The Children of Ash and Elm: A History of the Vikings
by Neil Price, published by Penguin, (2022), 9780141984445
This book is the place to start in order to acquire an up-to-date understanding of the Vikings. Price has avoided a simple chronological narrative and shows that there was a lot more to the Vikings than just raiding and pillaging. Underpinning the book is his claim that the Vikings brought ‘a period of social transformation’ that has shaped northern Europe ever since. There are three sections: on the Viking sense of self, on the Viking diaspora up to the tenth century, and on the politics of the eleventh century. The book offers plenty of detail on each of the exam specification topics, with particularly useful sections on Viking beliefs and rituals. Price is not afraid to identify the Viking age as ‘a time of horrifying violence and equally awful structures of institutionalised, patriarchal oppression’. This could lead to a purposeful discussion on the nature of Viking society and its impact.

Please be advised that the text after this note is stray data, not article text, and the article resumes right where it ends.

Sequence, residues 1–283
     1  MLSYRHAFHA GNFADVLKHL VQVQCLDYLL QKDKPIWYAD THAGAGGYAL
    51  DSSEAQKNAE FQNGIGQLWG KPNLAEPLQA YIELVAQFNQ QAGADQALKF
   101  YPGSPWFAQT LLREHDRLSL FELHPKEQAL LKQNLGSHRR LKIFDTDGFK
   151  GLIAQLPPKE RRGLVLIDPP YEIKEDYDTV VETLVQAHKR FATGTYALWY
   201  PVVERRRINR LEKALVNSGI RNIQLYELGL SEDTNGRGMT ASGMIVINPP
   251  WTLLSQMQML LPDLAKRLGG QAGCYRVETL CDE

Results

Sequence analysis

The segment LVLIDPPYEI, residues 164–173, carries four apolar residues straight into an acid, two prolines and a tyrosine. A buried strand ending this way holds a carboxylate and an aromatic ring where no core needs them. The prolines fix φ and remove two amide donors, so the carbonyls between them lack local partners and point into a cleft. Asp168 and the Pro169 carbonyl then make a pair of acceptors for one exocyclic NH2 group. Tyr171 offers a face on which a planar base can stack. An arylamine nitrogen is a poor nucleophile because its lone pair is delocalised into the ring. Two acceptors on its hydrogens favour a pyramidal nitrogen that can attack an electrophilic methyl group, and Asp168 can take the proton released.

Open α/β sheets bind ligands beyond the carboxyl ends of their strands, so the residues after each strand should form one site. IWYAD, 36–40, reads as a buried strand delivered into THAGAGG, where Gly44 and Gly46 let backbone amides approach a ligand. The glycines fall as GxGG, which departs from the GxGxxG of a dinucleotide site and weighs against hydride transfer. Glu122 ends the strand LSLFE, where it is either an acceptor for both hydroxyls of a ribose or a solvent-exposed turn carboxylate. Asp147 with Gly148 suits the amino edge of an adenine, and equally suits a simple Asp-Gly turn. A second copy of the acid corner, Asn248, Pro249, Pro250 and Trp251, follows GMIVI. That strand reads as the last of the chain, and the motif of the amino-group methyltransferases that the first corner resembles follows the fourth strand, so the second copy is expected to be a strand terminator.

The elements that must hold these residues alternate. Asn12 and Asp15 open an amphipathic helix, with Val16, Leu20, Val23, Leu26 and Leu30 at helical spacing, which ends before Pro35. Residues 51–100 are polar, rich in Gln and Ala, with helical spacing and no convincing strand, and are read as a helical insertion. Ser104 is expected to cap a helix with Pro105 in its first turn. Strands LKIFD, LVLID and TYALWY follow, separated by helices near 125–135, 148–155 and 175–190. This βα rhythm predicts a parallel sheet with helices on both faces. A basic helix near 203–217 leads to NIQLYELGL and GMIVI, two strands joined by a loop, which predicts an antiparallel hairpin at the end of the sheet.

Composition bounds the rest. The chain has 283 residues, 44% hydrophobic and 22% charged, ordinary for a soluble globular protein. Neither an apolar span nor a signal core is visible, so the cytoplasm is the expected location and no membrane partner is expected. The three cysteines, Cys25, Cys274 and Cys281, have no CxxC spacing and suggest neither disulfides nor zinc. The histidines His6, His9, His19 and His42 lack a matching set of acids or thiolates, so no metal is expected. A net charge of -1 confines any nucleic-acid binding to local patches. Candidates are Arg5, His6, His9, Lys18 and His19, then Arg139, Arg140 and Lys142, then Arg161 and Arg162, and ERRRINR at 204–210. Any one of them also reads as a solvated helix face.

All the geographical areas of Viking activity are covered. Price suggests that the best way to see the leadership is as a ‘hydrarchy’, a multi-headed leadership, which was impossible to oppose as there was no coherent single leader. This image might lend itself to an engaging lesson task where the different ‘heads’ of Viking leadership (in the ninth century for example) could be identified. With regard to Viking military skills, Price suggests that in the ninth century, ‘where raiding had once been an activity … it … became a lifestyle’. I would use this as a means of assessing Viking expansion into England, France and beyond. Students could draw up tables of costs and benefits, with one investigation devoted to raiding, and another to full-scale invasion.